What is Evidence-Based Practice?

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  • Written By: Samantha Bangayan
  • Edited By: PJP Schroeder
  • Last Modified Date: 23 October 2019
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Evidence-based practice is the use of empirically supported diagnostic methods and treatment in health care. To ensure the best diagnosis and treatment for the patient, they must be proven to be effective by systematic research. Treatments or inventions that are not backed by rigorous research are considered potentially harmful and are not implemented in health care. Evidence-based practice is implemented in areas such as medicine, nursing, social work, and mental health. Professional health organizations and health insurance providers encourage the shift from intuitive decision making to evidence-based treatment.

In the past, diagnostic methods and interventions were primarily based on tradition and the experience and intuition of health practitioners who may or may not have been correct in their assumptions. With the development of the scientific method, practitioners began to see the value in having the ability to prove the effectiveness of a certain diagnostic method or treatment. Not only would practitioners be able to provide the best options for their patients, but they could also focus their efforts on improving worthwhile interventions. An evidence-based practice sifts through the wide variety of available diagnostic methods and treatments to identify which are successful and disregard those that are risky. This kind of practice also encourages practitioners to stay up-to-date on the latest research, which promotes the development of improved care.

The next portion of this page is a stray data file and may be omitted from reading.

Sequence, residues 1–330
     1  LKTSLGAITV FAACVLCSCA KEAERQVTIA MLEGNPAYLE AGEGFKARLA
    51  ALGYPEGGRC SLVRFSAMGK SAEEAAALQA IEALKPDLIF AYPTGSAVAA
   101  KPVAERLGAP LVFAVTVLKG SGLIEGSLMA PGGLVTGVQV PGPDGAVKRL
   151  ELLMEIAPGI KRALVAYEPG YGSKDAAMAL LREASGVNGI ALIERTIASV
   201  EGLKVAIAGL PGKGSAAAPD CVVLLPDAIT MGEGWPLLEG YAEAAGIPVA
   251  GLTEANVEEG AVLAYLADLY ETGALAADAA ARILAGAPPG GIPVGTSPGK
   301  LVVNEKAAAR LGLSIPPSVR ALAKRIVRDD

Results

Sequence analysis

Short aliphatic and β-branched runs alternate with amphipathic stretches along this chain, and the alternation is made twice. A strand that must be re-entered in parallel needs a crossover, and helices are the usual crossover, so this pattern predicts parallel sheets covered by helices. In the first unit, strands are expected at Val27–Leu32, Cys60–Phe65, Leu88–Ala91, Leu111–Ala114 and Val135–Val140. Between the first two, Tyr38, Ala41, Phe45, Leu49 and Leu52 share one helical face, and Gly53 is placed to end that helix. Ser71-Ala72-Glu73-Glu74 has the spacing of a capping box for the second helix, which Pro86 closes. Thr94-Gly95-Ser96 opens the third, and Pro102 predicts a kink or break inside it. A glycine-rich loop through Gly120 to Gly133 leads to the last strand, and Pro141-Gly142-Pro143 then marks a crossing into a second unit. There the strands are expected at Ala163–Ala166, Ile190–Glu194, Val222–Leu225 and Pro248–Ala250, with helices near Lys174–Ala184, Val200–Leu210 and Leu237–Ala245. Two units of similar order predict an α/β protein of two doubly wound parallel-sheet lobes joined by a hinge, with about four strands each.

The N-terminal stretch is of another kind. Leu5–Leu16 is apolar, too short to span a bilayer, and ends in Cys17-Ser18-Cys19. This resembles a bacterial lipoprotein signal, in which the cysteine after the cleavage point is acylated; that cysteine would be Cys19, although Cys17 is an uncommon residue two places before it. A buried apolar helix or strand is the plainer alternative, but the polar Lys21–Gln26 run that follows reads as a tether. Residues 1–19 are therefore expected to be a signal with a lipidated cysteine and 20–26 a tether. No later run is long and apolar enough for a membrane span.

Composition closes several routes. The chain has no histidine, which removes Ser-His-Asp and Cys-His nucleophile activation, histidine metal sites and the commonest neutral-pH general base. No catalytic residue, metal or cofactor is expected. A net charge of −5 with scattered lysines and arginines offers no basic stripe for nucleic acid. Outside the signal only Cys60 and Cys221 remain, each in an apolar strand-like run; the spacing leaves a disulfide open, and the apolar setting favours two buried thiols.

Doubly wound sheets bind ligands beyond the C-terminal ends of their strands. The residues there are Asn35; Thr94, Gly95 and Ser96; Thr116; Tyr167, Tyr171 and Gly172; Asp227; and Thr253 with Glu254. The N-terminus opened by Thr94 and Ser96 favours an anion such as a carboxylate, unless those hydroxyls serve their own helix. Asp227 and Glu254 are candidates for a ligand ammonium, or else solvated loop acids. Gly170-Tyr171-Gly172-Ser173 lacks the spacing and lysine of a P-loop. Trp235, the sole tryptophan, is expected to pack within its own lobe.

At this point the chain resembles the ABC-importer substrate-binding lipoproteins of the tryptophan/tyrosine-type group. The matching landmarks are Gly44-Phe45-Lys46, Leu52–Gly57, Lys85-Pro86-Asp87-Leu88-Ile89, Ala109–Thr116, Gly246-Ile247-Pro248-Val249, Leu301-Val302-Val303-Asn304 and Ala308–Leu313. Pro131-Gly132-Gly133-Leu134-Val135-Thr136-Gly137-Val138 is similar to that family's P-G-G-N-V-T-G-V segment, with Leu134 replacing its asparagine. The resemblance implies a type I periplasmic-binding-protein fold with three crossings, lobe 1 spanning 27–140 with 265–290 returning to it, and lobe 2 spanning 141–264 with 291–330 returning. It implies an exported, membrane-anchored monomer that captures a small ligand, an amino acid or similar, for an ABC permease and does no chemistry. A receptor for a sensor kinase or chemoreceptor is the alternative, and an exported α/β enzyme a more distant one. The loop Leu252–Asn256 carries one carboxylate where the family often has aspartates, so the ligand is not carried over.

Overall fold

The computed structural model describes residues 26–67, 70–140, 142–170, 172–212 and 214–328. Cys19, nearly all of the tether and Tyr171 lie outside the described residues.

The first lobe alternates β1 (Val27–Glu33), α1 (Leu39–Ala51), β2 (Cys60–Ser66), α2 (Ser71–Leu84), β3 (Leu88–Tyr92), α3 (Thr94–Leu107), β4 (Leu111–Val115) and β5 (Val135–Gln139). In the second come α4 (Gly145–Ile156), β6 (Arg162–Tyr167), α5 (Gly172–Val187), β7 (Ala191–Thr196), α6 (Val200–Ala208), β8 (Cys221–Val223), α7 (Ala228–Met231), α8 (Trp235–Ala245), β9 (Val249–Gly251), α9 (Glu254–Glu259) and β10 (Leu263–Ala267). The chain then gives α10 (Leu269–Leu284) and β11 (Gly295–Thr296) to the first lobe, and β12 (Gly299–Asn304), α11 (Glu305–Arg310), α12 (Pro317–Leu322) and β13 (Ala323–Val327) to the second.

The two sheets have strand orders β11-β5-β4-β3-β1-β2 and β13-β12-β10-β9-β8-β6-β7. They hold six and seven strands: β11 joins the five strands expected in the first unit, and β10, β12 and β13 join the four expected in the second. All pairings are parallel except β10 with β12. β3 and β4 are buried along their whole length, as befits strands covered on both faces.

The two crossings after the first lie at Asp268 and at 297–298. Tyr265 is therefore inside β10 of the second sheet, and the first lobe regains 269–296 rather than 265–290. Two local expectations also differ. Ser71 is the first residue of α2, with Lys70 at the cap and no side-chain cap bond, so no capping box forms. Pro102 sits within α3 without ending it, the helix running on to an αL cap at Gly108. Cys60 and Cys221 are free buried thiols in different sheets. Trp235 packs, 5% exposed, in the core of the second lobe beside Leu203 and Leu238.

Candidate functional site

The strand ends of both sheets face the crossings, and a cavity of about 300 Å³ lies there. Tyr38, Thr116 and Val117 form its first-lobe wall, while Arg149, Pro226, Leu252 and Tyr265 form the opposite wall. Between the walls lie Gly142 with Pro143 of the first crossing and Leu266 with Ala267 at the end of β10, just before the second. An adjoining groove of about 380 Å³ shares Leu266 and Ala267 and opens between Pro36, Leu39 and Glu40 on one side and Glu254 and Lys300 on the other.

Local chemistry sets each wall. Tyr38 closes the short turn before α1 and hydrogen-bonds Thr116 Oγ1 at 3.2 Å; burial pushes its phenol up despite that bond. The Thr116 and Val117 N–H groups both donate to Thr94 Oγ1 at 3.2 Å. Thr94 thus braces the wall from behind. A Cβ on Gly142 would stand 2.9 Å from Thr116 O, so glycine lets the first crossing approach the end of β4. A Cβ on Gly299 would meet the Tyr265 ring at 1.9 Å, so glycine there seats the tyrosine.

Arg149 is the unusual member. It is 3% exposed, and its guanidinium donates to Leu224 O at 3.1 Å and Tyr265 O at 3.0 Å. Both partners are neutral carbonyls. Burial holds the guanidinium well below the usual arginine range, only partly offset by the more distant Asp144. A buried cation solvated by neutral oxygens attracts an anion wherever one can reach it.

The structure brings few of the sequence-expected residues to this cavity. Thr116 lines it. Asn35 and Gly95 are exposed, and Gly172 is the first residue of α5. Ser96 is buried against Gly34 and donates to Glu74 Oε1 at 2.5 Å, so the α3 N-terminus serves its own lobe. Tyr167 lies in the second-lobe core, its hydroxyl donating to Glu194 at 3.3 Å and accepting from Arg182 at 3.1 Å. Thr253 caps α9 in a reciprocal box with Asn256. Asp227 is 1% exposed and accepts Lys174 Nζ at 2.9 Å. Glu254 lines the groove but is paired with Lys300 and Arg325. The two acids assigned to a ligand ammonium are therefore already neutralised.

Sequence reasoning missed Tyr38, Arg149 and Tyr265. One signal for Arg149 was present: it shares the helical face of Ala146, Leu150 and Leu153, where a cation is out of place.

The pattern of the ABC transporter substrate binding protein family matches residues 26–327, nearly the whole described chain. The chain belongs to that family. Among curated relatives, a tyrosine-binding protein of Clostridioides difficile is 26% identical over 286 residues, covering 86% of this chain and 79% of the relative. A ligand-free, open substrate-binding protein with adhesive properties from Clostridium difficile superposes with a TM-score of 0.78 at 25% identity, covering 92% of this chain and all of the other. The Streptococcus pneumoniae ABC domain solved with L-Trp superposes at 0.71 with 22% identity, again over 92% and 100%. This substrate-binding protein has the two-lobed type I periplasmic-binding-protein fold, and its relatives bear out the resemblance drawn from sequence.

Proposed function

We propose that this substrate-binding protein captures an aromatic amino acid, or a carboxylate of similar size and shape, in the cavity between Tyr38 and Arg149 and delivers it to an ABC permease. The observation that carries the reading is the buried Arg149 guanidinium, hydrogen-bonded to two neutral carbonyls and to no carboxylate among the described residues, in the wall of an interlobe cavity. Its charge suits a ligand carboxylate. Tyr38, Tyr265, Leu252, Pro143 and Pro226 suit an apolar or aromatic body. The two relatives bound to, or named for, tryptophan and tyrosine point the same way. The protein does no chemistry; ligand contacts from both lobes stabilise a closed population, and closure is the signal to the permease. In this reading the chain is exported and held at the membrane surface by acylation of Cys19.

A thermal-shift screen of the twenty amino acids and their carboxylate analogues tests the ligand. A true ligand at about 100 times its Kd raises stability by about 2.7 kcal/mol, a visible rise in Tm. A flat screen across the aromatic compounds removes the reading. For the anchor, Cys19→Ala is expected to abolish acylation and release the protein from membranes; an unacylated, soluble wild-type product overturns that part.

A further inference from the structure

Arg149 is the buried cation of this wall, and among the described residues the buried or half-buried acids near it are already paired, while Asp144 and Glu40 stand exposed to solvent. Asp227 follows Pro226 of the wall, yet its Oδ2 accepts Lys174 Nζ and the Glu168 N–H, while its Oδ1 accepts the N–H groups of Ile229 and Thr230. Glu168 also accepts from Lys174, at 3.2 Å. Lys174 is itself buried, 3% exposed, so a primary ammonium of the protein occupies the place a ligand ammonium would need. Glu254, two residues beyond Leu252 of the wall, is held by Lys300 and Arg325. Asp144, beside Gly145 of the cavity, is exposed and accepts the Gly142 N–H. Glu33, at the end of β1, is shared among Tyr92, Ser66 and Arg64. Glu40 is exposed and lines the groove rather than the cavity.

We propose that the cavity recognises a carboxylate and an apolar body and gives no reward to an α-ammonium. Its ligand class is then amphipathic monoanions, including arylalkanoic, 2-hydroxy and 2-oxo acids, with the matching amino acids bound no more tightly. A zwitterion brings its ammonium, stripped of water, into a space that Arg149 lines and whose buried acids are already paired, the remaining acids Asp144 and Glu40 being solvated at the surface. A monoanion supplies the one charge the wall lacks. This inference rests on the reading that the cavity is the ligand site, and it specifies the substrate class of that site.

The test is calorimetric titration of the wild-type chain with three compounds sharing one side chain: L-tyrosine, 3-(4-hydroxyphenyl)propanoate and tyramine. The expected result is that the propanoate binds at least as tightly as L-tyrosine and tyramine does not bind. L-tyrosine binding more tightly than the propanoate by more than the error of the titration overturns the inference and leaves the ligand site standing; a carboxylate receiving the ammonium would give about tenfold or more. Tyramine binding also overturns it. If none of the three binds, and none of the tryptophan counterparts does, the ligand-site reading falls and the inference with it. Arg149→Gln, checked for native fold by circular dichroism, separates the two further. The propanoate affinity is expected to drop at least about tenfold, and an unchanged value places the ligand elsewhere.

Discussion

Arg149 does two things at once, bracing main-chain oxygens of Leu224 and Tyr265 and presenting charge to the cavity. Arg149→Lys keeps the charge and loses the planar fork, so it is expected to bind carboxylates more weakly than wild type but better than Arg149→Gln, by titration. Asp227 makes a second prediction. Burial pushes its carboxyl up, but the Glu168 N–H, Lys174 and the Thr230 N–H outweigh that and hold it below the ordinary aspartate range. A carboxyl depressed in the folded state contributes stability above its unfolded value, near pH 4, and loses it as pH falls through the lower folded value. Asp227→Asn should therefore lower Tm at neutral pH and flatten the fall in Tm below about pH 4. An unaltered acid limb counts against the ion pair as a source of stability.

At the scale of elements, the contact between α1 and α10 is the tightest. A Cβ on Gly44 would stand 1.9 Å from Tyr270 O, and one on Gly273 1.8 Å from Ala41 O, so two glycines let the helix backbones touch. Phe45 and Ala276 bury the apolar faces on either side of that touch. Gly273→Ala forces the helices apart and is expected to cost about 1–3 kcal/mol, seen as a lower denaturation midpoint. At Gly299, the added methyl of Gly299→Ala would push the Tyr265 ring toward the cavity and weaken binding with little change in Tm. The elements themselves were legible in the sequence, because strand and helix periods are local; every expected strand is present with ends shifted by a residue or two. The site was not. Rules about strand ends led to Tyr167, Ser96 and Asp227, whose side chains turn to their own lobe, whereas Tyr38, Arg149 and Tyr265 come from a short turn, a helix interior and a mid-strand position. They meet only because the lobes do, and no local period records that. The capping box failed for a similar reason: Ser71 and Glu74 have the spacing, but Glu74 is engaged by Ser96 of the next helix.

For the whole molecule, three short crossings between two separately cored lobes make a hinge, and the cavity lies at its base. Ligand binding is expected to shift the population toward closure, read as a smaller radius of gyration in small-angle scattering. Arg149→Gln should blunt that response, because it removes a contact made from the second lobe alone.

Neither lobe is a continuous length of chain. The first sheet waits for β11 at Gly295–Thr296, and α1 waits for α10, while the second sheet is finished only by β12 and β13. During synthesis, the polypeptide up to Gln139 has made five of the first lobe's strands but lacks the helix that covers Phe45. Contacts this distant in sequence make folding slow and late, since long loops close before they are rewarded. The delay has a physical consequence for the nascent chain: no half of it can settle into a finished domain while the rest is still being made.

Defining evidence-based practices relies on collecting research-based evidence and interpreting the data before implementing diagnostic methods, treatments, or interventions. Data gathering may include research articles and other evidence-based sources, such as textbooks and experienced practitioners. Data interpretation requires critical assessment of the information gathered.

The strongest evidence includes systematic reviews and randomized clinical trials in which the subjects of an experiment are randomly assigned to experimental groups. Evidence often cannot be cleanly categorized into evidence-based or nonevidence-based groups. Instead, they will often fall along a continuum between the two categories. A critical appraisal of research studies, therefore, depends on determining the stronger study based on the quality of research.

Armed with the most effective evidence-based treatment, the practitioner must still make an individualized decision by choosing the best option from the evidence to meet the needs of a specific patient, taking into account the client’s medical history, culture, and family values. After implementing the empirically supported treatment, an evidence-based practice necessitates a follow-up evaluation of the diagnosis or treatment’s effectiveness. This information can help practitioners improve on care in the future.


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